The truth about supplements
Stay away from multi-vitamin pills and only take the supplement for which you have a deficiency
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India is a paradox when it comes to the intake of vitamins and health supplements. We have seemingly healthy people walking around with vitamin deficiencies and then we have a few who are consuming way too many supplements than they require, causing more harm than good,” says Shashank Joshi, consultant endocrinologist, Lilavati Hospital and Research Centre, Mumbai.
He says people should stay away from multi-vitamin pills and only take the supplement for which they have a deficiency. Gayathri Karthik, consultant obstetrician-gynaecologist, Mother and Child Clinic, Bengaluru, agrees. It is better to “eat a well balanced diet”, she adds.
According to an article published in the journal Nutrients in February last year, 70% of the Indian adult population is deficient in vitamin D.
Apart from vitamin D deficiency, studies show that a big percentage of Indian women have iron deficiency, leading to anaemia—and this holds true across social classes.
Similarly, studies find that adult Indian men and women are increasingly deficient in vitamin B12. Micronutrients like iron, zinc and B12 are available in limited quantities in plant-based foods, so vegetarians tend to suffer from deficiencies of these.
Some people may need to take vitamin supplements, but it is best to do so under medical supervision.
The big issue with taking vitamin and health supplements unsupervised is that since the industry isn’t regulated, the consumer doesn’t actually know what is inside the pill or powder.
New Delhi-based psychiatrist Sanjay Chugh says there was a time when he would see about “10 patients every couple of months with symptoms of delusions and paranoia, because they were taking supplements their trainers had recommended in various gyms. Some of these contain amphetamines, a potent nervous system stimulant used to treat attention deficit disorder.” He too suggests taking vitamins and minerals only on a doctor’s advice.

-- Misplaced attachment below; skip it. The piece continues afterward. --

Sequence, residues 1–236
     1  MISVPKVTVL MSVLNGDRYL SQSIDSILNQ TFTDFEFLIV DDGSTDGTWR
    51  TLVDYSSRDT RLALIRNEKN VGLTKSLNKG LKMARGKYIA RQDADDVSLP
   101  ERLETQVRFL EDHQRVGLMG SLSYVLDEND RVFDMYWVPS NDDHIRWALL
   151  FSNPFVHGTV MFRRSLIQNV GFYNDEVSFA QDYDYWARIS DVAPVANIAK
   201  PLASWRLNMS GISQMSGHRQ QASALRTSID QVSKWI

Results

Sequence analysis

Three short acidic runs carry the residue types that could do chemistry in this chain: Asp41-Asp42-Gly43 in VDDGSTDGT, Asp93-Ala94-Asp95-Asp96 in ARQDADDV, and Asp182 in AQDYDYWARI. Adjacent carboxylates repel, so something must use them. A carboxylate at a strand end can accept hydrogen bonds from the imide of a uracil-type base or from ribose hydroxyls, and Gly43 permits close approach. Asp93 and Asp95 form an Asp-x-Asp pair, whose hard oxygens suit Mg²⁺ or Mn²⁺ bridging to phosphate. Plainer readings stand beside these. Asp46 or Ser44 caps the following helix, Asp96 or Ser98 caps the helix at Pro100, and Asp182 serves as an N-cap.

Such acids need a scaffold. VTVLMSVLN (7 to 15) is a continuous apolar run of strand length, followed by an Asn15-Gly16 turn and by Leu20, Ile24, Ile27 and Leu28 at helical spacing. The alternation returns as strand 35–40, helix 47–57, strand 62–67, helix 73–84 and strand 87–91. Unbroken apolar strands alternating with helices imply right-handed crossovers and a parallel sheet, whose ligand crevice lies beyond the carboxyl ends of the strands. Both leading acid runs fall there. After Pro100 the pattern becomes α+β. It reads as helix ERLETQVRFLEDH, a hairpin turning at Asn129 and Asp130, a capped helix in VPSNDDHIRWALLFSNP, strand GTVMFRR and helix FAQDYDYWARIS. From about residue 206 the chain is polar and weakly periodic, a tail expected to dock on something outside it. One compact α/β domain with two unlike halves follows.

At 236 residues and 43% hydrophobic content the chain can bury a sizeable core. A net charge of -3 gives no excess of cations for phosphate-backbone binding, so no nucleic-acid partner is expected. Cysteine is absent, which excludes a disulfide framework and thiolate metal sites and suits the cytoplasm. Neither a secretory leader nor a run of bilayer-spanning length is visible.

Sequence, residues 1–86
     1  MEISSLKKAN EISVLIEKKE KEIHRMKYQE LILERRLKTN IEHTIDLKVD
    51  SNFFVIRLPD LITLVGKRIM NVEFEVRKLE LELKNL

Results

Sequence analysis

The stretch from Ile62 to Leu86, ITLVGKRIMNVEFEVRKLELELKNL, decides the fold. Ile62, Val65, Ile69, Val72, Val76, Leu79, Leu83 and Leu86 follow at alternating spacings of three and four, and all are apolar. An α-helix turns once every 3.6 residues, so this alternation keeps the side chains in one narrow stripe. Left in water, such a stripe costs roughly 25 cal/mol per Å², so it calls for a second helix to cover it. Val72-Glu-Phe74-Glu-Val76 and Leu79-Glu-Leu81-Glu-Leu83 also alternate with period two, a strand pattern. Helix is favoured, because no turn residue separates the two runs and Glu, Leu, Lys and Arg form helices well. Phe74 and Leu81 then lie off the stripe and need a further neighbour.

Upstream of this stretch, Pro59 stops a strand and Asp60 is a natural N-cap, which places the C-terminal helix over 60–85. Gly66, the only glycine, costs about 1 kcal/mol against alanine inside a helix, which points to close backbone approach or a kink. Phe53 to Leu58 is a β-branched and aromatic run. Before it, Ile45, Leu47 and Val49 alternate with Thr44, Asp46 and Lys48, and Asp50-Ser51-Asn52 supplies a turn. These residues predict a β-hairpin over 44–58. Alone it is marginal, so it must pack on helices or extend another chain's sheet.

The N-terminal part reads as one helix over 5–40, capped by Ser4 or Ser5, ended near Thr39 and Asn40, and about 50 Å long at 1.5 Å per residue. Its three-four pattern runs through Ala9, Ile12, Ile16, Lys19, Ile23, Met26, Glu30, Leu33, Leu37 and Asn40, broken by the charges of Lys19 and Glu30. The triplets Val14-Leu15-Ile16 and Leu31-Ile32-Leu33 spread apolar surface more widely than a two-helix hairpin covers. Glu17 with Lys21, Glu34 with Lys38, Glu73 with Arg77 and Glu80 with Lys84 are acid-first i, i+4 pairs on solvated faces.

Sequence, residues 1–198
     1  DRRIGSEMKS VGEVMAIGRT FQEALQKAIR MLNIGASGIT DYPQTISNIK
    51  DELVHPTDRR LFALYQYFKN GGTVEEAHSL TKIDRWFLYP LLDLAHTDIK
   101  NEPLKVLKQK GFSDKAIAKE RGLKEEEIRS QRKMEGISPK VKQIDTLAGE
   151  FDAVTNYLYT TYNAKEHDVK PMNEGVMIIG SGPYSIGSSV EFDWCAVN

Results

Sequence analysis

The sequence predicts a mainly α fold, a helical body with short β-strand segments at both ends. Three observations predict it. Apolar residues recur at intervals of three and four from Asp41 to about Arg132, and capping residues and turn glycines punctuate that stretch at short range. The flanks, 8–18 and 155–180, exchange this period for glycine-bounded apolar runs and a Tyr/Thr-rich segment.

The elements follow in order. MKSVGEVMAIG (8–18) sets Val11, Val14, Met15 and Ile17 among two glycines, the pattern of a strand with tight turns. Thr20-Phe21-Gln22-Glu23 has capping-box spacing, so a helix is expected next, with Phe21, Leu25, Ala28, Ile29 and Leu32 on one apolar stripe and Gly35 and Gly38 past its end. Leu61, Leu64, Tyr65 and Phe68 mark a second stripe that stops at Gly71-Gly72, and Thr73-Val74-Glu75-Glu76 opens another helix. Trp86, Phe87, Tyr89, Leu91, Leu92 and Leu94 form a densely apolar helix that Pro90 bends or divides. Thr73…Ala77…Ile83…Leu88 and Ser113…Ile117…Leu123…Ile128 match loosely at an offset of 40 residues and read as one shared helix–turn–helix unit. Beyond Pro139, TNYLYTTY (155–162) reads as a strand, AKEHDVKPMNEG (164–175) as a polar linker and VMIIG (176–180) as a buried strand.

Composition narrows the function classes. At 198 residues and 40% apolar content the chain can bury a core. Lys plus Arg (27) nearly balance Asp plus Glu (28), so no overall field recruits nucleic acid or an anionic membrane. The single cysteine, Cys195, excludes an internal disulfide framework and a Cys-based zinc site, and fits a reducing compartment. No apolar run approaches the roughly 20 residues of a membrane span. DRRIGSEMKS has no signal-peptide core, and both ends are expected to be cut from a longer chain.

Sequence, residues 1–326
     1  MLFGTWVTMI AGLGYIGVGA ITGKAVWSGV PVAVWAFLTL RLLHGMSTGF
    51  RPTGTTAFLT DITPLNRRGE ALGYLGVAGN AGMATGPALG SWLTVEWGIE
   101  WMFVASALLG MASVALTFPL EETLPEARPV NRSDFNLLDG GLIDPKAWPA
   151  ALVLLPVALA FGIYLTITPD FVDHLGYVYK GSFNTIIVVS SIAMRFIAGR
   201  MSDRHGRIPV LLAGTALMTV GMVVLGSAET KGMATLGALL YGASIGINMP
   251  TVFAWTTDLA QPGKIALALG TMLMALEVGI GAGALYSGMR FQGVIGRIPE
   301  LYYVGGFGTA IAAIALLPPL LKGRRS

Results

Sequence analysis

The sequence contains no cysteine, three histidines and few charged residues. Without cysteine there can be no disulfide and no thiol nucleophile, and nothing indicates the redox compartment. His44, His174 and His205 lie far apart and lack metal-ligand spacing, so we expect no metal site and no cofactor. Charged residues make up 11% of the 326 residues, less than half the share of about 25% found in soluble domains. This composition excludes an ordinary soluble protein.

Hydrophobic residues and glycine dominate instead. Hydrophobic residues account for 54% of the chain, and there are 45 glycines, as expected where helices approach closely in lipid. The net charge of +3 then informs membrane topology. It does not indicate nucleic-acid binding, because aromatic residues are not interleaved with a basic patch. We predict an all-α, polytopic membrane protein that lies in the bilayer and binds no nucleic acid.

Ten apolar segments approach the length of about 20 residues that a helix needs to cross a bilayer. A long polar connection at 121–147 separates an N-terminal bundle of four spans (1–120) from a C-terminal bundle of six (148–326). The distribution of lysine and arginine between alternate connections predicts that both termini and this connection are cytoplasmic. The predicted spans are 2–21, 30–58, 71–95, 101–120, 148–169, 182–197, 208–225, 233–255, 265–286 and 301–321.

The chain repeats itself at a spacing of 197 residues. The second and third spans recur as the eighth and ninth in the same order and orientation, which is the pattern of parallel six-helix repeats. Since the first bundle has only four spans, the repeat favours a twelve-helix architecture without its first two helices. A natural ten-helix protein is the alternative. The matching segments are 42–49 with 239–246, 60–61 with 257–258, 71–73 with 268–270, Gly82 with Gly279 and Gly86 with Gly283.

Vitamin supplements, when taken in high doses, can have side effects. Pettarusp Wadia, consultant neurologist, Jaslok Hospital, Mumbai, says: “I have seen at least two cases—one patient was a general physician himself—where both patients were rendered unconscious because they were taking mega doses of vitamin D.”
An article published in March in the journal Critical Reviews In Food Science And Nutrition, by researchers from the Council of Scientific and Industrial Research’s Central Food Technological Research Institute, Mysuru, said that while micronutrients are indeed found in limited quantities in vegetarian food, age-old cooking practices and certain food combinations together improve the bioavailability of micronutrients. Household processing like sprouting and fermentation increases the bioavailability of iron and carotene from plant foods. Amchur (dry mango powder) and lime enhance the bioavailability of iron, zinc and beta-carotene (a carotenoid vital for vision, immunity), as do onion, garlic, red and black pepper, as well as ginger. Fruits such as mango, when consumed with milk, provide significantly higher amounts of bioavailable beta-carotene than when consumed alone.
If your aim is to get the most vitamins and minerals from food, then perhaps it’s time to go back to our age-old Indian practices of cooking and eating foods in specific combinations.
Sujata Kelkar Shetty, PhD, is a wellness consultant and a clinical scientist trained at the National Institutes of Health in Bethesda, US.
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